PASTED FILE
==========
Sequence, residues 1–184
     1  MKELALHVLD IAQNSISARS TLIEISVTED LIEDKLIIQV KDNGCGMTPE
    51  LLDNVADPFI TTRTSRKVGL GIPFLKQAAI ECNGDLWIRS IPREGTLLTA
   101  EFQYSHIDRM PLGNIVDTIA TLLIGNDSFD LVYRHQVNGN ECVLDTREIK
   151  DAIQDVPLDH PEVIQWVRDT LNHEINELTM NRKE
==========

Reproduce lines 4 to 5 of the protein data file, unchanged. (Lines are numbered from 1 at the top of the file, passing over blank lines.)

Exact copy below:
   101  EFQYSHIDRM PLGNIVDTIA TLLIGNDSFD LVYRHQVNGN ECVLDTREIK
   151  DAIQDVPLDH PEVIQWVRDT LNHEINELTM NRKE